SciELO - Scientific Electronic Library Online

vol.30 número1  suppl.SympUpwelling is the Disturbance, not El Niño: Insights from Modelling Community Organization and Flow StructureSeasonal and Interannual Variability of the Particle Flux in the Humboldt Current off Chile índice de autoresíndice de materiabúsqueda de artículos
Home Pagelista alfabética de revistas  

Servicios Personalizados




Links relacionados


Investigaciones marinas

versión On-line ISSN 0717-7178

Investig. mar. v.30 n.1 supl.Symp Valparaíso ago. 2002 

Nitrogen Cycling in Sediments from
Central Chile (36ºS): Seasonal and
Interannual Variability

Laura Farías1,2, Michelle Graco1,3,
Verónica Molina1,3 , Dimitri Gutierrez4,
Victor A. Gallardo2, Osvaldo Ulloa1,2,3

1 Programa Regional de Oceanografía Física y Clima,
Universidad de Concepción, Casilla 160-C,
Concepción 3, Chile, E-mail:
2 Centro de Investigación Oceanográfica en el
Pacífico Sur-Oriental, (COPAS)
3 Departamento de Oceanografía. Universidad de
Concepción, Casilla 160-C, Concepción 3, Chile
4 Instituto del Mar del Perú, P. O. Box 22, Callao, Perú

Introduction & Objective

The nearshore region off central Chile is an important site of coastal upwelling subject to significant seasonal variations. The high biological productivity in the area depends basically on the wind strength that brings subsurface waters rich in nutrient and poor in oxygen (ESSW) into the euphotic zone. This oceanographic condition could be modified on different time scales by remote forcing such as coastal trapped waves and the ENSO cycle. In order to gain a better understanding of how seasonal and interannual variability in the physical, chemical, and biological conditions in the bottom waters affect the benthic N recycling, different studies have been conducted since 1992. These studies comprised measurements of physical and chemical parameters in the bottom water (Tº, S, O2 and nutrients) and in the sediment column (i.e., carbon , chlorophyll-a, redox, NH4+ pool), NH4+ and NO3- fluxes across the water-sediment interface and some oxidation processes (i.e. nitrification, denitrification, sulfate reduction). All measurements and estimates were carried out at two stations, one located inside of the Bay of Concepcion (BC)(~28 m depth), and the other in the continental shelf at ~36º S (~88 m depth) between 1992 and 1994 (in the BC) and from 1997 to 2001 (at both stations).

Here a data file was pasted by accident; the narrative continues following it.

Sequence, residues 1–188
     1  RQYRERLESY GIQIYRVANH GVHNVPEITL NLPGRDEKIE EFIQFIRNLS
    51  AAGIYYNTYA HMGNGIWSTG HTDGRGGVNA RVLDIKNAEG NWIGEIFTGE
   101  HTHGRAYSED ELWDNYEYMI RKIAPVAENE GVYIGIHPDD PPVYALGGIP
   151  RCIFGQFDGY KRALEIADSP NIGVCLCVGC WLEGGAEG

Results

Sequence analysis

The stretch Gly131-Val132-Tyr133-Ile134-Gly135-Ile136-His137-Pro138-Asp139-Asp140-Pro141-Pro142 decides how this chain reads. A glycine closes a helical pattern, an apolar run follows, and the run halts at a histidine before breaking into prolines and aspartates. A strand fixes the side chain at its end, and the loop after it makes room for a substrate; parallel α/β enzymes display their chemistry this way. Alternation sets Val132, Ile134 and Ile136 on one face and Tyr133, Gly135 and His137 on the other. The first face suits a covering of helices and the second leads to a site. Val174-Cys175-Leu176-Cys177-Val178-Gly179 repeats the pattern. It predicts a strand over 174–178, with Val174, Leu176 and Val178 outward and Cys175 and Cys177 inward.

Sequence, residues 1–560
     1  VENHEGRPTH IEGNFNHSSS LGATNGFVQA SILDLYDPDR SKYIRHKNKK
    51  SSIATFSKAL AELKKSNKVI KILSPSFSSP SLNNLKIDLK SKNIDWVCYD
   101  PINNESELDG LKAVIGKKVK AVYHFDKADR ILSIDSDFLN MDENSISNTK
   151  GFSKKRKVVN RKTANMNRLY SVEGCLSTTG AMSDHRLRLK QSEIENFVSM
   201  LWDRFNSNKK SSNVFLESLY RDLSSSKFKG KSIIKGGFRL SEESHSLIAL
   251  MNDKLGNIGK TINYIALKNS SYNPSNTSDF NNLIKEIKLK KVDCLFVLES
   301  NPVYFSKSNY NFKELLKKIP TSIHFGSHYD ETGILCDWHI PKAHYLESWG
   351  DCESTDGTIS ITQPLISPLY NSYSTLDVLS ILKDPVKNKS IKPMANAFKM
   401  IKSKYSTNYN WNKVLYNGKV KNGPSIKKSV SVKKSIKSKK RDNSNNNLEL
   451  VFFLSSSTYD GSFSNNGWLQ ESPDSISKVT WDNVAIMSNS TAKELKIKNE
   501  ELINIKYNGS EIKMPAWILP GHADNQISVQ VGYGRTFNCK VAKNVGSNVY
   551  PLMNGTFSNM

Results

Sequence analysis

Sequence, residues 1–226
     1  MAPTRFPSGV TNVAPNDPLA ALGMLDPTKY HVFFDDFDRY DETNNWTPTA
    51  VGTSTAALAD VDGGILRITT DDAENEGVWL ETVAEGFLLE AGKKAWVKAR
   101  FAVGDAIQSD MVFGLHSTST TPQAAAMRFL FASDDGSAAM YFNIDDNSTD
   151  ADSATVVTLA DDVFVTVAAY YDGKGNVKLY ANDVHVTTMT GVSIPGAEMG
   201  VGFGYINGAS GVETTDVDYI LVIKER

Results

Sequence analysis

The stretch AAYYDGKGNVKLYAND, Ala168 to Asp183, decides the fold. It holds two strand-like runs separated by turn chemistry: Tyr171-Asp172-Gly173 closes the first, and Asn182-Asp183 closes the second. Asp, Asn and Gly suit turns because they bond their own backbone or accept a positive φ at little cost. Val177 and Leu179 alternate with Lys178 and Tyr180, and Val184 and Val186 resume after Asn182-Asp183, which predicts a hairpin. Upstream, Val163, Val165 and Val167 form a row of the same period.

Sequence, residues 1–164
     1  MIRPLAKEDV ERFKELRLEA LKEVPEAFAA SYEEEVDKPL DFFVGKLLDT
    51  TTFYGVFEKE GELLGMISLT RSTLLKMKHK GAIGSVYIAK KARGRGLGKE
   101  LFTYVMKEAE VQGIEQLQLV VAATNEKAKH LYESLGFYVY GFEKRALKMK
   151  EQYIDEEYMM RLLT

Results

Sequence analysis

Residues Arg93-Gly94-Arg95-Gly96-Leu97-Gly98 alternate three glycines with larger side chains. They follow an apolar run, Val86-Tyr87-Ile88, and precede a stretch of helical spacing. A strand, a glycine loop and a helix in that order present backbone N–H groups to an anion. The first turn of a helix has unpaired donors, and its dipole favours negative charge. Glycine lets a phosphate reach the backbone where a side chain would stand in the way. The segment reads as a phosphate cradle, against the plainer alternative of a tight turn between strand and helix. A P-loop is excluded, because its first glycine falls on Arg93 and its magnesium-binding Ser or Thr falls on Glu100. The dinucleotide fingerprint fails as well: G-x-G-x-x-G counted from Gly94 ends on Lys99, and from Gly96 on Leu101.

Results & Discussion

The Bay of Concepción showed conspicuous seasonal geochemical and hydrographical differences in the bottom water oxygenation and the bottom fresh organic matter loading (carbon and chlorophyll-a) during the whole study period. The NH4+ flux showed a strong seasonal variation, being extremely high (up to 36 mmol m-2 d-1) during the upwelling periods and low or even negative during the winter. NO3- fluxes were positive and negative, varying by ca. + 2.5 mmol m-2 d-1. These flux patterns were associated with the inverse fluctuation between sulfate reduction and nitrification-denitrification rates in the area, being high for sulfate reduction and low for nitrification-denitrification during the upwelling period.

The continental shelf, however, showed more stable hydrographic and geochemical characteristics, maintaining sub-oxic levels throughout the study period, except during 1997-98 when unusually high oxygen concentrations were measured . The organic content of the sediments also varied on the seasonal scale, but at an order of magnitude lower than in the BC sediments. The NH4+ flux was highly variable, fluctuating between -22.4 and 10.7 mmol m-2 d-1 and NO3- was consumed at an average rate of -4.05 ± 0.90 mmol m-2 d-1. NO3- uptake from the water column was not totally accounted for by the measured denitrification rates, which ranged from 0.51 to 3.12 mmol m-2 d-1 and could be ascribed to active uptake by bacterial mats (Beggiatoa and Thioploca).

The sediments off central Chile acted as a large nitrogen sink for NO3-, and sometimes for NH4+ (possibly associated with bacterial NH4+ assimilation) and appeared to be a major site for denitrification. The results indicate that the fate of nitrogen regenerated from the sediments was mainly controlled by the amount of labile organic carbon (measured as chlorophyll-a) in the surface sediments, and indirectly by the bottom water oxygen concentration. The lower values of chlorophyll-a in sediments and the higher levels of oxygen during 1997 and the first half of 1998 compared with the same period in 1999-2001 were probably due to the influence of the 1997-98 El Niño event. In spite of the warm period reported during 1992-94 based on the equatorial Pacific index, in central Chile an extreme anoxia and high organic matter content, NH4+ flux and bacterial mats of the sediments were observed during upwelling periods. These strong differences in the organic content in the sediments and NH4+ fluxes during the study period suggest that the classic concept of Ekman transport, induced by local forcing, could be substantially modified by other processes such as El Niño events, as was observed on the continental shelf off central Chile during 1997-98. Moreover, the fertilization of surface waters not only explains the high primary production in the region, but also a combined effect of advective, turbulent, and biological processes determining that each upwelling event is singular in terms of productivity and sinking of organic matter towards the sediments. The consequences of different chemical qualities of the upwelling events also determine differences in the fate of the organic matter in the sediments and of the N recycling into the water column. The results, in terms of mass balance among periods defined as upwelling, non upwelling and upwelling-El Niño, are discussed in relation to the benthic-pelagic coupling.

Creative Commons License Todo el contenido de esta revista, excepto dónde está identificado, está bajo una Licencia Creative Commons